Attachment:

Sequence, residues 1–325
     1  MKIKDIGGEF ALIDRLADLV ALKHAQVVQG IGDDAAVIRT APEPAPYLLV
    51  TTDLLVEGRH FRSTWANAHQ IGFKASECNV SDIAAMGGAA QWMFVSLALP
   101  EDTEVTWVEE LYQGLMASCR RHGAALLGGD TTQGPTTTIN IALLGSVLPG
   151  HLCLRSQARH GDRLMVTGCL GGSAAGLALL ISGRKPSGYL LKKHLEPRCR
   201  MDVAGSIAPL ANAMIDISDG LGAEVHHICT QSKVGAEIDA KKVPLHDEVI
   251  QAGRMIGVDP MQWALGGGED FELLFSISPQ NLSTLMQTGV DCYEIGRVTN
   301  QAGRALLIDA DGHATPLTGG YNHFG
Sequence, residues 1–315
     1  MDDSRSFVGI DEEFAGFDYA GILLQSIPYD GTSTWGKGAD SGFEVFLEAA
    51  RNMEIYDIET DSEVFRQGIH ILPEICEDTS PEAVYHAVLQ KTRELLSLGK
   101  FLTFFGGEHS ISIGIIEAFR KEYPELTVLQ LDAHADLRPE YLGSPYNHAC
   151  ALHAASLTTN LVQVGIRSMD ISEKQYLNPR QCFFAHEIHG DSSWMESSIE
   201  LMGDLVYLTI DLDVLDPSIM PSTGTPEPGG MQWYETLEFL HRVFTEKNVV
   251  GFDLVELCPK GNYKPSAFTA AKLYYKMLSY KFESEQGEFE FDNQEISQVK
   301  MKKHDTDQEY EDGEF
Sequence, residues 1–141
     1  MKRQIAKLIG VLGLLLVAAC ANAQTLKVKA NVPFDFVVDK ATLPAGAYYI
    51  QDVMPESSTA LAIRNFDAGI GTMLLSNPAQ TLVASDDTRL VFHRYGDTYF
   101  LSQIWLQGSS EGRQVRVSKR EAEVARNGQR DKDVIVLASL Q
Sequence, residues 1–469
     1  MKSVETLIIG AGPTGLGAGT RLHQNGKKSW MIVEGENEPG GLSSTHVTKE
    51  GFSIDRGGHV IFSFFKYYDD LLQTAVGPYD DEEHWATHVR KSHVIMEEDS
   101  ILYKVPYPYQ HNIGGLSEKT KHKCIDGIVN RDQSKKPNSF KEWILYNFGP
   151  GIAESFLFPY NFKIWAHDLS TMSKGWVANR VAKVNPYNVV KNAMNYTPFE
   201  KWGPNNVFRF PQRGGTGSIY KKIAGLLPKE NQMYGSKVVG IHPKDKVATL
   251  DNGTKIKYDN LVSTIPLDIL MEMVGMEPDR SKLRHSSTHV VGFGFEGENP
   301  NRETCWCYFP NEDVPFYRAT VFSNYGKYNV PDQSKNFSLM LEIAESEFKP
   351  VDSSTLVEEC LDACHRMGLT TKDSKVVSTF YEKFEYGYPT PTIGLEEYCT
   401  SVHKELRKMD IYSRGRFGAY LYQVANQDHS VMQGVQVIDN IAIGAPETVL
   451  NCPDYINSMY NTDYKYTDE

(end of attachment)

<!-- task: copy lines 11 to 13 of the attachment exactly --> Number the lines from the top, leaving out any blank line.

    51  RNMEIYDIET DSEVFRQGIH ILPEICEDTS PEAVYHAVLQ KTRELLSLGK
   101  FLTFFGGEHS ISIGIIEAFR KEYPELTVLQ LDAHADLRPE YLGSPYNHAC
   151  ALHAASLTTN LVQVGIRSMD ISEKQYLNPR QCFFAHEIHG DSSWMESSIE